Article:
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The Sketch behind the Mas – A Candid Talk with Timothy Bootan

Concept Art by Timothy Bootan

I’ve been quiet for the last two weeks, mostly because sometimes you need to adult and do life, but also because after interviewing four successful designers I was left to ponder about the parts of the engine that makes up a Carnival Costume on the road that we, the public do not see and more importantly do not recognize sufficiently. Every designer talked about the importance of learning how to sketch, and in the Carnival industry there is a job that assist the designers as well called a Concept Artist. My quest to investigate this lead to some outreach via my social media, (@imsroyer on all things – yes, this is a shameless plug), and landed me right on the doorstep of Mr. Timothy Bootan, (@trpbootan via Instagram).

Bootan is a son of the soil who sketched for numerous designers in various bands from 2013 to 2015, he oozes talent from the pores, so much so that he is now a Concept Artist for Warner Bros. Studios. His interview was not only informative, but sheds light on how Concept Artists should be treated and respected in the industry:


1.Can you define, in a carnival context, what does Sketching mean?

Sketching is a rough draft of the ideas a designer has for his/her costume. It’s not a final design on paper but just a rough visual idea of what the design will look like on the human body. It’s usually done in person and can take seconds or minutes to complete. Based on how I do designs sketching is not the final draft for me but only the first, so I prefer to call doing artwork for Carnival costumes “Concept Art” since it’s easier to differentiate sketching from the final draft.

I separate sketching from a final version since I design final drafts by doing enough research on the suggested theme. That way I can mix elements of the theme and the general design idea of Carnival costumes so they can blend without looking out of place. For example, researching ancient Samurai armor so I can mix a Samurai themed costume with the elements of the feathers and gems we see today. I then draw and paint accurate to the smallest details on a costume, I label each piece and blow out the design elements almost in a 3D perspective so the designer can know where each part of the costume is placed on the human body. It may sound like a lot of work but I like to be meticulous with my art.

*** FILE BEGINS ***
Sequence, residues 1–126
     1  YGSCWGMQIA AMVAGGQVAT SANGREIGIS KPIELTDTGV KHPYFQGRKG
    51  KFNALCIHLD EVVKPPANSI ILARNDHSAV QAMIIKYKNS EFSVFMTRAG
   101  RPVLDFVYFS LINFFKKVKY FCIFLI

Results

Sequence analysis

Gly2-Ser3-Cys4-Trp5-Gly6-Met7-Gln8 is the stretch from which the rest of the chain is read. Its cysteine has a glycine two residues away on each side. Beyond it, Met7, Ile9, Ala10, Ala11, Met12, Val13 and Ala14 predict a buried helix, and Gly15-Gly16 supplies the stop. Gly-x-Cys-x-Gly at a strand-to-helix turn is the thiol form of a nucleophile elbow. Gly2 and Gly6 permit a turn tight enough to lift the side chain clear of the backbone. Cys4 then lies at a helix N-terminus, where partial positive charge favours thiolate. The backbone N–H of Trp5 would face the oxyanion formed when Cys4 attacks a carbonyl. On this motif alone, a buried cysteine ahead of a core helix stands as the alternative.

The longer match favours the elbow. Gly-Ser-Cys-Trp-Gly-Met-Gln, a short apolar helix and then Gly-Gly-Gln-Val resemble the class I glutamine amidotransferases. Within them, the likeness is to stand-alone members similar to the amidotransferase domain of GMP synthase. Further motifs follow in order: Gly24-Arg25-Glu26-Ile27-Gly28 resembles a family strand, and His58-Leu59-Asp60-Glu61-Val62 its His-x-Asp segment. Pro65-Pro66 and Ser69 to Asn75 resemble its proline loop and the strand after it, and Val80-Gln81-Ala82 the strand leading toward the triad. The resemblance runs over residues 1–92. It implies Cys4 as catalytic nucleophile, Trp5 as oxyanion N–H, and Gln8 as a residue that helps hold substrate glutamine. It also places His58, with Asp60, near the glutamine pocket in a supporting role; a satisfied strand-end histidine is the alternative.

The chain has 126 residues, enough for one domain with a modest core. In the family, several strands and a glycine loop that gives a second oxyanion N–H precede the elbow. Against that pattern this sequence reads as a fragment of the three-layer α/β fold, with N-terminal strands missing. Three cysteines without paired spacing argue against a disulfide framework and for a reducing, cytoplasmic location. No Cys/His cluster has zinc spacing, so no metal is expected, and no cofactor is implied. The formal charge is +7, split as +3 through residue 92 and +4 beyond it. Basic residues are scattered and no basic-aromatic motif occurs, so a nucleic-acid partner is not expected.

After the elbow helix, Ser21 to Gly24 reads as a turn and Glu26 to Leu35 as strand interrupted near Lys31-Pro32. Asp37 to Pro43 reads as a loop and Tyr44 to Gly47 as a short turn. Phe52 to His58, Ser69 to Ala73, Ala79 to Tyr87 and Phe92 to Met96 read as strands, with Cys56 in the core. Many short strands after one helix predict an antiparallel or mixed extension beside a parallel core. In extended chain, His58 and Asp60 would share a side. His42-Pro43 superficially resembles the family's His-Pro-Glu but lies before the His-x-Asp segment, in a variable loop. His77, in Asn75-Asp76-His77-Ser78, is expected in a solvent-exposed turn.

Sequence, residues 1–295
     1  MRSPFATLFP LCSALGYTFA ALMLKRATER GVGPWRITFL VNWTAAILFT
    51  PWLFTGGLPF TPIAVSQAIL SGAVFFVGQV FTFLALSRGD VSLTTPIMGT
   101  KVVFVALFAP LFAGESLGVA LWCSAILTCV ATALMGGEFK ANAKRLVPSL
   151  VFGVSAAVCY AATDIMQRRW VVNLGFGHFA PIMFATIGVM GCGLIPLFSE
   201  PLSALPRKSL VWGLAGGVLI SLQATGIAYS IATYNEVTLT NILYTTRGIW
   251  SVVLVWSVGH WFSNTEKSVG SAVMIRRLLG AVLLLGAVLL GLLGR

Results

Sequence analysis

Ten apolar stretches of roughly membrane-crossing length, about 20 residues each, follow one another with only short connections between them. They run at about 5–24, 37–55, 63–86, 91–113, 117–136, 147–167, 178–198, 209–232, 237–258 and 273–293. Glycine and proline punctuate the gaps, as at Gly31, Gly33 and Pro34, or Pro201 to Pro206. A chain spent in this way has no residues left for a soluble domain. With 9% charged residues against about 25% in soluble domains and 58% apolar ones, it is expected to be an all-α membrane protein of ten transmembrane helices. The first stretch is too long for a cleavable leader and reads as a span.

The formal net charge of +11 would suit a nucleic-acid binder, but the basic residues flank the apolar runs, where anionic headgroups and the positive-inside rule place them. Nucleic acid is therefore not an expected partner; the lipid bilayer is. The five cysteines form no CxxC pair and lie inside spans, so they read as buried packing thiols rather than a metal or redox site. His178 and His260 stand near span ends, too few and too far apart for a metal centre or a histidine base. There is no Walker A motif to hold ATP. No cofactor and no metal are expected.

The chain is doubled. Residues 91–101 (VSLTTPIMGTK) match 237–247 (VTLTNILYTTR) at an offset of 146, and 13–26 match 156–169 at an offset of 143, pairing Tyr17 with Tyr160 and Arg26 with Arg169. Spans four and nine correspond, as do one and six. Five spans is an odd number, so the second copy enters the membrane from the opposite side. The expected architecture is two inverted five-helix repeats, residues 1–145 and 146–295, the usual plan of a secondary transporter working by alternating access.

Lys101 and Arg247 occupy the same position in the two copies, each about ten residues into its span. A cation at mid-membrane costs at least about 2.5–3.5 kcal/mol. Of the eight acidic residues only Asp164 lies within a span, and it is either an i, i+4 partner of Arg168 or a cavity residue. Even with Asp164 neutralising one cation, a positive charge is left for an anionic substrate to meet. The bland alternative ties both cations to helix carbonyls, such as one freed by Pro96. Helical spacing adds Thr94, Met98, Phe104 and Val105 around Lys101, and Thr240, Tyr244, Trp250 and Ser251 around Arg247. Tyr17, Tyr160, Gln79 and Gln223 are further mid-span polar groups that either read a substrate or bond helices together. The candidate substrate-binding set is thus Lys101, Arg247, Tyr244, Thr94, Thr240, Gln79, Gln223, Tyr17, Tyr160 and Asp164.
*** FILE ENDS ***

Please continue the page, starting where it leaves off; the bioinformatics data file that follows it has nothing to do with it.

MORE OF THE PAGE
2. How do you differ from a Designer as a Sketcher?

A Designer is the person who creates the initial idea for the costume based on the theme and gives the artist his/her vision of how they see it in their mind’s eye. For example, the colors, the type of feathers etc. The artist then draws the costume for the designer to have a visual representation. The designer is also the person who physically builds the costume which the Sketcher/Artist won’t be doing.

There are however times when an artist must take the designer role as well. An example would be where I once was given just a theme. The designers had no idea how the costume would look and left everything up to me. I then had to design every costume for the band. I did the research on the theme, figured out what colors, feathers etc. would work and then drew the costumes for them to build. Although I didn’t physically build the costume, at that time I took the role a designer should have.

3. Do you consider the work you sketch for designers your IP once you’re paid for it?

No, once I’m paid for it then it’s your artwork. I would however, like to be listed as the person who drew the artwork especially if I took somewhat of a designer role in figuring out every feather, color, gems etc. for a costume.

4. How much influence does a sketcher have on the final design?

Unless told he/she will be designing every detail until the final draft is approved then I’d say not much. My designs have ended up being the final design because of the amount of detailing I put into them so I can’t speak for other artists but from what I’ve seen, other artists usually just do the first draft of a costume and let the designers to take over from there.5. How do you get credited for your work?

I am listed as the concept artist, sometimes I am listed as the costume designer for work I put into my art.

6. How involved do you get in the prototyping and development post sketch?

I like to be involved as much as I can or allowed to. Although I cannot physically put together a costume I like to be there with the designer to help in any way I can. I want the costume to look great, just as it did in my artwork so I’m always there to help even if it’s just to explain whatever needs to be explained.

7. How do you feel seeing the final product alive on stage?

It always feels amazing, seeing something you helped build by drawing from your mind’s eye of a designer. Anytime I see something go from hours of research then to paper and finally to an actual costume feels like a great accomplishment. Whether it be a Carnival Costume or a suit of armor for a film, as a concept artist that feeling of seeing it “alive” in front of your eyes cannot be any beaten by anything else.

Gives you some food for thought no? We’re hoping to see more of Bootan as he plans to get back into the Carnival Industry for 2019! In addition to this Timothy also uses his sketching talents to feature inspirational personalities on his FB platform uInspireMeTT which he uses to motivate and mentor industry creatives to stick to their dreams, check him out, we expect great things!

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